Facebook recently announced that it was investing $10 billion in profits into development of the "Metaverse," a new platform focused on augmented and virtual realities. While the features of this proposed "Metaverse" are unclear at this time, such a proposal envisions a world where the digital and physical world are closely integrated. And Facebook is not alone-many companies are increasingly moving towards augmented reality products.
Non-Fungible Tokens (NFTs) will be critical to making the vision of integrating the digital and physical world by giving a unique identity to avatars or digital items. For instance, an avatar supported by NFT technology will not just be a generic compilation of face and clothes templates which can be copied by any other user selecting those templates. Instead, an NFT-supported avatar would be comprised of all the user's prior digital interactions and experiences (effectively reflecting their digital "life") and possessing all the digital items the user has accumulated (which would themselves be backed by NFTs). In effect, NFTs give users and items an "identity" within a virtual space that is completely independent from a developer's control of the code. This article details further the role NFTs may play in the Metaverse.
For further information or questions about legal considerations surrounding NFTs, contact Mike Tomasulo (Co-Leader, Videogame, Gaming & Esports Group).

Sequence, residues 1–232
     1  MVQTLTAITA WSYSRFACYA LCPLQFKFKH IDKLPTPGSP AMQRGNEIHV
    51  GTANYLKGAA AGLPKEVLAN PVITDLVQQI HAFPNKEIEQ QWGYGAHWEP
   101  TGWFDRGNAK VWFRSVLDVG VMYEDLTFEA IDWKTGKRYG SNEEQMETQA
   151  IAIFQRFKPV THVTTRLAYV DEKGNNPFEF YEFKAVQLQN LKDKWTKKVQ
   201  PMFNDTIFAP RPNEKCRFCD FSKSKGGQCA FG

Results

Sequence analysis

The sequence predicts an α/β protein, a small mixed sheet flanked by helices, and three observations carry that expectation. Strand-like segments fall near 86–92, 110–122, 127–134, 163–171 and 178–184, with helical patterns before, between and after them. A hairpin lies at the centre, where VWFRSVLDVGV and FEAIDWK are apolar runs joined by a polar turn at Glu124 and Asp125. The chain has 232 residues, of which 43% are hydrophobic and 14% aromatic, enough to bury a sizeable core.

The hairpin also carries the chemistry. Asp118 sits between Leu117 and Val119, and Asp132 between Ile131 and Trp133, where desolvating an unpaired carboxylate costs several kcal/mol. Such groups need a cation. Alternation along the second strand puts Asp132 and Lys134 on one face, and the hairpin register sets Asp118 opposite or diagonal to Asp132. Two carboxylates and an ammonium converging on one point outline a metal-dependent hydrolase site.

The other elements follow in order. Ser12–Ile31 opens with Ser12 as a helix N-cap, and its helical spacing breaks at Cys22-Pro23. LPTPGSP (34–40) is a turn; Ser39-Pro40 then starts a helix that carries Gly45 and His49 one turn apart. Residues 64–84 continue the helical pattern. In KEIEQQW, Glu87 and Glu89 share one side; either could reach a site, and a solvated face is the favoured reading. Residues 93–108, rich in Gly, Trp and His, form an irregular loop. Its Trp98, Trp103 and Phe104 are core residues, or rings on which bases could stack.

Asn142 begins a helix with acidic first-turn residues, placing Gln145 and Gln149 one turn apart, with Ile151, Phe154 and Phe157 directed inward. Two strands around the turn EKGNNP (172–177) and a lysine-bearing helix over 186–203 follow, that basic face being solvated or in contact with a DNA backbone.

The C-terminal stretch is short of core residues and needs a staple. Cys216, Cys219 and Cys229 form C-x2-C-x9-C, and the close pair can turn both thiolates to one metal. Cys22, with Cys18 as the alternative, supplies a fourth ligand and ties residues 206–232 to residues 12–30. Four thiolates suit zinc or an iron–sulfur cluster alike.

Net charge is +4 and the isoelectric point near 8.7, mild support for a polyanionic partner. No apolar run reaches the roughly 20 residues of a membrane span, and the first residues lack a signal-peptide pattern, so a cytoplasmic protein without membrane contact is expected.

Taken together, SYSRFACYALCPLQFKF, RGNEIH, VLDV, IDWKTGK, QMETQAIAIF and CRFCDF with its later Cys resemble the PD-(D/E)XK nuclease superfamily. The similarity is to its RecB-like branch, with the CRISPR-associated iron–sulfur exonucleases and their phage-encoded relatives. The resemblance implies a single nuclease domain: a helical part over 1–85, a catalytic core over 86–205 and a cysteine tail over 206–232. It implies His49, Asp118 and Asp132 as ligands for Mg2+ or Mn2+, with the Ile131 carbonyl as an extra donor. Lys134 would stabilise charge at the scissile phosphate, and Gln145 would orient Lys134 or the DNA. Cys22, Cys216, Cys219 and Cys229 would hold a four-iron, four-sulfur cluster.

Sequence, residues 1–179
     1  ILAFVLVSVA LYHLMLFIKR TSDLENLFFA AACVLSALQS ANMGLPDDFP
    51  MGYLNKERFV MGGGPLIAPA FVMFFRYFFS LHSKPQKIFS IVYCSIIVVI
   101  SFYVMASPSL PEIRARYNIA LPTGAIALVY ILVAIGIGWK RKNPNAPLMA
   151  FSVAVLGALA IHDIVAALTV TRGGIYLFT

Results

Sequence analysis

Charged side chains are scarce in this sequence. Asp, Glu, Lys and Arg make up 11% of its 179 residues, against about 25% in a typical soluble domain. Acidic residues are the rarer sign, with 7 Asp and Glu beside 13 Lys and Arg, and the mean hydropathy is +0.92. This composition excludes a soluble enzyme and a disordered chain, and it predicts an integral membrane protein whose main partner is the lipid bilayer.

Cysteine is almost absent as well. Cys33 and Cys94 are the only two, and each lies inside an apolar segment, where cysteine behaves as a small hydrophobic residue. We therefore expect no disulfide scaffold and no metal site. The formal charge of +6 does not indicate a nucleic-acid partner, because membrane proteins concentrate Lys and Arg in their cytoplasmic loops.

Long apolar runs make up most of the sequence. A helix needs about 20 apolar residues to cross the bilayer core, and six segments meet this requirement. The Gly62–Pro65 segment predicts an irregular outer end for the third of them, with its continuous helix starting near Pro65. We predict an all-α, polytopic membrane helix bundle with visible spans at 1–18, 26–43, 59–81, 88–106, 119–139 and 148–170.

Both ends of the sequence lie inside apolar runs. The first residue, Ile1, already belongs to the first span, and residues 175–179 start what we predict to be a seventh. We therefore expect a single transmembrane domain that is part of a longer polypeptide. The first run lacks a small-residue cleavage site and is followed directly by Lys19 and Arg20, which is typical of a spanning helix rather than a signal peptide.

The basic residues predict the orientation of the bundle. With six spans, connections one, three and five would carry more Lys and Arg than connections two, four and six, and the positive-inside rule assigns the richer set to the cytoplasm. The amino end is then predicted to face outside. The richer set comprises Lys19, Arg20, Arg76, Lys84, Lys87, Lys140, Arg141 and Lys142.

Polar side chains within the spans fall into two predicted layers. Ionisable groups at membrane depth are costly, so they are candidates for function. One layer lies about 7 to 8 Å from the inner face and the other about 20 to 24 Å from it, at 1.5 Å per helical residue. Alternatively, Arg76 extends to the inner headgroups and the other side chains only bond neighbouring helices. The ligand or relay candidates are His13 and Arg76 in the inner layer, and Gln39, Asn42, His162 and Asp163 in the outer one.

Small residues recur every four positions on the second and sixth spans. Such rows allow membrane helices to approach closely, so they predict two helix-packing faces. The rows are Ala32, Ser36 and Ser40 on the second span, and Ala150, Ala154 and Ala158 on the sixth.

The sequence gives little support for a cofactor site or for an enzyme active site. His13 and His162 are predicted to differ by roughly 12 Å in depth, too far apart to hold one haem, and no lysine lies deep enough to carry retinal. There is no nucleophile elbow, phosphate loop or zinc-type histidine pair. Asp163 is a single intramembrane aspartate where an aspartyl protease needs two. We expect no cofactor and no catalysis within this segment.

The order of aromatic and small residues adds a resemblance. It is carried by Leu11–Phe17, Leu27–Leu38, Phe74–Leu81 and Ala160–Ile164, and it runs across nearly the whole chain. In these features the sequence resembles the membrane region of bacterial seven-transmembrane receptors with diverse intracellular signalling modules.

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About Winston's Videogame, Gaming & Esports
Recognizing that emerging industries require bespoke lawyering, Mike Tomasulo and David Enzminger formed and lead Winston's Videogame, Gaming & Esports Group to provide comprehensive legal solutions to companies in these industries. This multidisciplinary group includes more than 60 lawyers across 10 practices working seamlessly to assist companies in these industries in all areas, including managing IP portfolios, assisting esports companies establish global sports leagues, selling franchises, and developing proactive legal solutions for issues that arise from league operations. We represent videogame publishers in antitrust matters and represent both rights owners and gaming companies in licensing issues for game content. In addition, our team helps electronic game clients prepare for all types of regulatory and public scrutiny issues, such as corporate governance, data privacy, and harassment/discrimination claims that are sure to come as the industry continues to grow in both size and influence. Our offices in New York, Silicon Valley, Los Angeles, Shanghai, and Hong Kong provide gaming clients with a global platform for their complex and evolving legal needs.
The content of this article is intended to provide a general guide to the subject matter. Specialist advice should be sought about your specific circumstances.